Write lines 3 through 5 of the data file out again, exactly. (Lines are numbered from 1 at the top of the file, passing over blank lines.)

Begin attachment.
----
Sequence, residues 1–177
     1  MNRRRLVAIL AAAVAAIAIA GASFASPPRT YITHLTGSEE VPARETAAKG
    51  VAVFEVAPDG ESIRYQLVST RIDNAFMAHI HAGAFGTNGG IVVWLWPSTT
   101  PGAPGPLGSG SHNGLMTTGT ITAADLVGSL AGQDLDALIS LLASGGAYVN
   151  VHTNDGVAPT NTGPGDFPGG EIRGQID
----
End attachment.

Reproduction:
    51  VAVFEVAPDG ESIRYQLVST RIDNAFMAHI HAGAFGTNGG IVVWLWPSTT
   101  PGAPGPLGSG SHNGLMTTGT ITAADLVGSL AGQDLDALIS LLASGGAYVN
   151  VHTNDGVAPT NTGPGDFPGG EIRGQID